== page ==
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Never Skip Leg Day

Building and maintaining muscle mass improves insulin sensitivity and reduces the risk of diabetes.


All movement is good for metabolic health – zone 2 exercise (low intensity), high intensity interval training (HIIT), etc., but strength training/exercise has some great benefits for metabolic health.  All strength training and muscle building is good for you.


Why is building muscle so good for metabolic health?  Muscles process a lot of glucose, and larger muscles process more glucose.  The largest muscles in your body are your quads (front upper part of your legs) and your butt (which extend and flex your legs).


While your muscles are processing glucose, the need for insulin to process glucose is reduced.  Less insulin equals better insulin sensitivity.  Better insulin sensitivity is the opposite of insulin resistance.  This is a very good thing.  From previous articles, you may remember that insulin resistance is the precursor to Type II diabetes.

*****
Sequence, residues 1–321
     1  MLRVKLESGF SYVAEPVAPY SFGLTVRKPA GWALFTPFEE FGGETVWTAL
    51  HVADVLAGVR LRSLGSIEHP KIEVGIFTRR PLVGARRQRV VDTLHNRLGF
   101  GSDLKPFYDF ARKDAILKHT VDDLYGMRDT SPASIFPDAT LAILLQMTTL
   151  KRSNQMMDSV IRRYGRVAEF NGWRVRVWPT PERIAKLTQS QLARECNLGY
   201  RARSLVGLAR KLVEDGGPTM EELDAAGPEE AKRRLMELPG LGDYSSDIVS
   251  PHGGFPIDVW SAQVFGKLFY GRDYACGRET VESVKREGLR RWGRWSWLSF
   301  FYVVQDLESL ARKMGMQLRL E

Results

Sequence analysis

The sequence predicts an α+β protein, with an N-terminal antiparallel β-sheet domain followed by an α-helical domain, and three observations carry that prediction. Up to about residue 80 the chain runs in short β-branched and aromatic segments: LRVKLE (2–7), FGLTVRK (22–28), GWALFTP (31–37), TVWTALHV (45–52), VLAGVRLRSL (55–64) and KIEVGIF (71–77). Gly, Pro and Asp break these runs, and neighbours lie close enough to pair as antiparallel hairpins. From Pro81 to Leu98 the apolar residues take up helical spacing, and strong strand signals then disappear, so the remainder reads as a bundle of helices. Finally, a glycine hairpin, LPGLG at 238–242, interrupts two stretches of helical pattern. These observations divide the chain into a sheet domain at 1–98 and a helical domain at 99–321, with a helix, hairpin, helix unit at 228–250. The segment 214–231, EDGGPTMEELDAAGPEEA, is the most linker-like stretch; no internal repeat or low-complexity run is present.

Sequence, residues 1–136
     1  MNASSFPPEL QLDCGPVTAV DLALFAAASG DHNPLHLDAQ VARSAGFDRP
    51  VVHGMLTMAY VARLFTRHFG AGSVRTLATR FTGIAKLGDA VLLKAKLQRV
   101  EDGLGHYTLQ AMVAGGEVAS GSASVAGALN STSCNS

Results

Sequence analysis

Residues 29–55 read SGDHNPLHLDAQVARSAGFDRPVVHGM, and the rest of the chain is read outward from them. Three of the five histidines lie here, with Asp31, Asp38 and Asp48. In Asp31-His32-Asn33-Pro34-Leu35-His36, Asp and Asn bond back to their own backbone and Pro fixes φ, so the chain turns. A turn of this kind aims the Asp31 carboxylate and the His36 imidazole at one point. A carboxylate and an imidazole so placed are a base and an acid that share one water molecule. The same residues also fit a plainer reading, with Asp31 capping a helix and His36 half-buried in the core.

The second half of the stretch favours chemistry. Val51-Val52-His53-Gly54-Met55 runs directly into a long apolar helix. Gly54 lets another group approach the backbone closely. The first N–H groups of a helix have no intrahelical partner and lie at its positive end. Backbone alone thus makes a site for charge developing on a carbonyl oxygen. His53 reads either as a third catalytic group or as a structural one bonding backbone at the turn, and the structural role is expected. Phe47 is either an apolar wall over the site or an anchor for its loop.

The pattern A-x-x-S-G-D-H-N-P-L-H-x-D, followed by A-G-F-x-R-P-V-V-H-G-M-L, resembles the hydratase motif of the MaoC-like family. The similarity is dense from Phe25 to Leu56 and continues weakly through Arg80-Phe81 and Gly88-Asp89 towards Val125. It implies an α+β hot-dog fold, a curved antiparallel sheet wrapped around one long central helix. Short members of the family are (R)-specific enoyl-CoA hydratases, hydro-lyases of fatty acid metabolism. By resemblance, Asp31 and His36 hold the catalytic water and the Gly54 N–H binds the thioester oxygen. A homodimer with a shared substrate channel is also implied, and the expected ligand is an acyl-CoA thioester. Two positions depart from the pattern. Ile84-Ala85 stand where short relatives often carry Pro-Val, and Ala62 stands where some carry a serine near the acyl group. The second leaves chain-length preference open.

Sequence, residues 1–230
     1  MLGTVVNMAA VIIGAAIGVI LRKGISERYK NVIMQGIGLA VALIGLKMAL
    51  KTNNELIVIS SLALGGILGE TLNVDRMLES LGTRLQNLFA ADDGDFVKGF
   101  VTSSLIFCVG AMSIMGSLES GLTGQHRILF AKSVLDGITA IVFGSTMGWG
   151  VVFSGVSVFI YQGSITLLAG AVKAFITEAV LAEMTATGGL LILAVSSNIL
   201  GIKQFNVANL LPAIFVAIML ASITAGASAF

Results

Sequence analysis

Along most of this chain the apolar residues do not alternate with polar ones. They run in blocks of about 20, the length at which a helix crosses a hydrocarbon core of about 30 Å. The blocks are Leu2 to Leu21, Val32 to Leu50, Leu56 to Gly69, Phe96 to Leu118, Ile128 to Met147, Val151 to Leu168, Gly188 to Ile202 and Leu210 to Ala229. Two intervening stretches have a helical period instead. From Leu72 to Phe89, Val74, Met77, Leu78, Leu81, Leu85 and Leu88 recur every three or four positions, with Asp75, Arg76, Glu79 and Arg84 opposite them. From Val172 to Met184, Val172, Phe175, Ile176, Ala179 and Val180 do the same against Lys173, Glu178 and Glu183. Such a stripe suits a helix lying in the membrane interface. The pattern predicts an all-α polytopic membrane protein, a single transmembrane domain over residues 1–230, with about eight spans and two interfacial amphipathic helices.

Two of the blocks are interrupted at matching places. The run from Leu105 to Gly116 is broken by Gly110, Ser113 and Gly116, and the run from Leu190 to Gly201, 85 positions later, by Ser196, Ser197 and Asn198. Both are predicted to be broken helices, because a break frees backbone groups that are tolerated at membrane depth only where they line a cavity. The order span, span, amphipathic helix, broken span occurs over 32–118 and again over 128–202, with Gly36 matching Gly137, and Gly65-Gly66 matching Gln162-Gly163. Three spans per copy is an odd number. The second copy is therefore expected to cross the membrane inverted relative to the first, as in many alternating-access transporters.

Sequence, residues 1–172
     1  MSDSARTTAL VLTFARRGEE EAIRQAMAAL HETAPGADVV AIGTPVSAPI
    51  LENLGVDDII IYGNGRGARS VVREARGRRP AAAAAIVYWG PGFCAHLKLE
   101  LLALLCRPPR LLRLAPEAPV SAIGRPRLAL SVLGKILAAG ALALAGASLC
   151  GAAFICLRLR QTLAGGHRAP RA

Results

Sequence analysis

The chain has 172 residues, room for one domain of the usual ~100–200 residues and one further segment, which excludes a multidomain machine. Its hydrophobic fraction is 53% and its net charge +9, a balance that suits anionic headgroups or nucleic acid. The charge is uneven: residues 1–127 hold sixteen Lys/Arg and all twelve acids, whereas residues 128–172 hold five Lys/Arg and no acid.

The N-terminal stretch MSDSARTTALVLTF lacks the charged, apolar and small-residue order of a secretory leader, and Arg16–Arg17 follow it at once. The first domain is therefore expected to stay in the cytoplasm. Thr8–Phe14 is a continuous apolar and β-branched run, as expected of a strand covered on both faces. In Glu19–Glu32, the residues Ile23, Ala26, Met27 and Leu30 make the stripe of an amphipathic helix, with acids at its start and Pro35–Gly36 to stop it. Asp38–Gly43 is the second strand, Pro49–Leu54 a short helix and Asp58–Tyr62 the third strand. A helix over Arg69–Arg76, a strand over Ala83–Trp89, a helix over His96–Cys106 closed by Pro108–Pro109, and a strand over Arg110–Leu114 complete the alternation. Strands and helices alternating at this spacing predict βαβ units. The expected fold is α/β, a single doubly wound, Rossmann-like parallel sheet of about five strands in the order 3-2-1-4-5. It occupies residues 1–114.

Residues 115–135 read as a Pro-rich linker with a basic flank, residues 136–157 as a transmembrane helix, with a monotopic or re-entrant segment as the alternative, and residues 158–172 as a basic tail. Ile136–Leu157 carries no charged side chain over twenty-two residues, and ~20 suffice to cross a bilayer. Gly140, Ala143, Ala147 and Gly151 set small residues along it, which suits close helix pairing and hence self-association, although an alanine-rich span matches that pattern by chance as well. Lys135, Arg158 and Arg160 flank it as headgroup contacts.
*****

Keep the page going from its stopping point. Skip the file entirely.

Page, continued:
How good is building muscle for metabolic health?


In a study of 3100 men, those who reported no strength training were 2.4 times as likely to be insulin resistant than men who do 1 to 2 hours of strength training per week.  That is amazing.


How to build muscle?


As usual, please consult a doctor before starting any new exercise routine, especially if you have any known health conditions.


Some people like going to the gym, some prefer to exercise at home.  If you start at home, you can get some dumbbells, resistance bands (good bands are less than $50) or you can use your own body weight by doing pushups, squats, stepping up and down a step. There are even some seated chair exercises that use weights and resistance bands. Look up body weight strength exercises on the internet (especially ones for those large muscle groups).  Start slowly and build from there. 


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